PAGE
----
According to a report released Tuesday from the U.S. Department of Education, 60 percent of approximately four million 4-year-olds nationwide are not enrolled in publicly funded preschool programs, including state preschool programs, Head Start and programs serving children with disabilities.

In Hawaii, that number balloons to 87 percent.

Of the total 17,536 4-year-olds in the state, none of them are enrolled in state preschool, nine percent are enrolled in federal Head Start programs, and four percent are enrolled in special education preschool services.

The remaining 15,176 4-year-olds are not enrolled in a publicly funded program, making up the 87 percent.

A Matter of Equity: Preschool in America highlights the need for an Elementary and Secondary Education Act (ESEA) that expands access to high-quality early learning opportunities and makes the law preschool through 12th grade, rather than K-12.

Secretary of Education Arne Duncan discussed the report Tuesday during a visit to Martin Luther King Jr. Early Childhood Center in Phoenix, Arizona.

Advances in science and research have proven the important impact that preschool programs can have on children’s learning, but unfortunately too many children still do not have access to these programs.

Children from low-income families are less likely to be enrolled in preschool than their peers – 41 percent compared to 61 percent. All children need access to high-quality preschool to prepare them for kindergarten and to close the opportunity and achievement gaps.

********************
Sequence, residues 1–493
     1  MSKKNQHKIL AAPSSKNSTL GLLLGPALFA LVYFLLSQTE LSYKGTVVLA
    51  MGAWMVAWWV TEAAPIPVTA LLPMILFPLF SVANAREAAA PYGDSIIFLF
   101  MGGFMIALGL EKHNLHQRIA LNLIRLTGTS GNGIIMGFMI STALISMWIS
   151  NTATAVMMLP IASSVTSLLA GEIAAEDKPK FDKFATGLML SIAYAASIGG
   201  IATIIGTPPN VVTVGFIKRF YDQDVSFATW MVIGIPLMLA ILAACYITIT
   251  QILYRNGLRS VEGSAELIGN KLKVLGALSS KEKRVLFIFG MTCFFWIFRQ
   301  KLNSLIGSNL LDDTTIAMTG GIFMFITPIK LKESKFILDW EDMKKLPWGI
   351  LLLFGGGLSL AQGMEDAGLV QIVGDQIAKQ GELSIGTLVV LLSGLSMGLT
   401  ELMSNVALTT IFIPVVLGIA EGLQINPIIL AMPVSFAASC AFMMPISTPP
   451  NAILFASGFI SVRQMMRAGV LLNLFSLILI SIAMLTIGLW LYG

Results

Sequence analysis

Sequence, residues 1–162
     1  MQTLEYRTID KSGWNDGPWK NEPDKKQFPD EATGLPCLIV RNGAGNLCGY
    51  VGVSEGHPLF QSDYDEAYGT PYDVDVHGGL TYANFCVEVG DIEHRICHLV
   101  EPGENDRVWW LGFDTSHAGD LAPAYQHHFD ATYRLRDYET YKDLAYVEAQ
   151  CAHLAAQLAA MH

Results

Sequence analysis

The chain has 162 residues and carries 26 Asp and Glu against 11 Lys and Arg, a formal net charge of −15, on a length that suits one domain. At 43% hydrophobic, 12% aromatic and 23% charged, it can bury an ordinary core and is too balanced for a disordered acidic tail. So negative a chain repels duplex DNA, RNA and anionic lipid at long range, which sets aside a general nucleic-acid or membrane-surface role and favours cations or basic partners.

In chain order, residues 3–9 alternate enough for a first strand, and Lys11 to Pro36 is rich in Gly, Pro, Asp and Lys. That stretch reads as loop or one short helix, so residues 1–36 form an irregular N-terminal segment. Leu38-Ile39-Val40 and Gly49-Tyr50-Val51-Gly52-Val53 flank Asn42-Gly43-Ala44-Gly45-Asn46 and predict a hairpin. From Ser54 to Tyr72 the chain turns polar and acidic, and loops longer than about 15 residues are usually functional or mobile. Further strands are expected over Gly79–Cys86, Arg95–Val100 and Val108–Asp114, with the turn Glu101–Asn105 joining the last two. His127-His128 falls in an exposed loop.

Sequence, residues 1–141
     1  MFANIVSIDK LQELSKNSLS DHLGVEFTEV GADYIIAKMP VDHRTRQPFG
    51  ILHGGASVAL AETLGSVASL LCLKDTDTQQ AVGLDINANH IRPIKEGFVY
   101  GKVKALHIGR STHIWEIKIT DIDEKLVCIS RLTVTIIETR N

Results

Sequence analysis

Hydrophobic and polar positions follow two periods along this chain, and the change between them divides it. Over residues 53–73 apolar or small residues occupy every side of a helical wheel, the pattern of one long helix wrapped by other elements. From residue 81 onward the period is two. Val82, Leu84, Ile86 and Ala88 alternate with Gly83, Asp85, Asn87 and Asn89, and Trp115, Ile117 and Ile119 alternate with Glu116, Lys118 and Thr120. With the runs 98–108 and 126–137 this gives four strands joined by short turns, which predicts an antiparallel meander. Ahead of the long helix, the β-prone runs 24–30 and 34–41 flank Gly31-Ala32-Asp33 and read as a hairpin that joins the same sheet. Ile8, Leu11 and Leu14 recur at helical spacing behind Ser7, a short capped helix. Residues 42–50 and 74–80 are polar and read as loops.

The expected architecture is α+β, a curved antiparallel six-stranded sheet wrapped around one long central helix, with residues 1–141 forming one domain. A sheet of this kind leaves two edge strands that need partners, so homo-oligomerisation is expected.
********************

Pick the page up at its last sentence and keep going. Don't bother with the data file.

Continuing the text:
For some children when they enter kindergarten, huge educational gaps exists. Scores on reading and math were lowest for kindergartners in households with incomes below the federal poverty level and highest for those in households with incomes at or above 200 percent of the federal poverty level. Children at risk for academic failure, on average, start kindergarten 12 to 14 months behind their peers in pre-literacy and language skills.

Without access to quality preschool, students of color, and children from low-income families, are far less likely to be prepared to start kindergarten than their peers.

The Obama Administration has asked for an increase of $500 million for Preschool Development Grants in the FY16 budget request to expand this opportunity to more states, the Bureau of Indian Education, tribal educational agencies, territories, and the outlying areas.

Preschool Development Grants support states’ efforts to build or enhance their infrastructure to provide high-quality preschool programs, and expand programs in high-need communities. The $250 million awarded to 18 states will benefit more than 33,000 additional children in 200 high-need communities, where families have little or no access to affordable, high-quality preschool.

With additional funding, the Department could have provided high-quality opportunities for many more children in the 36 states that applied. Of that 36, five states will, however, be awarded development grants, including Hawaii in the amount of $2,074,059. Click here for more information.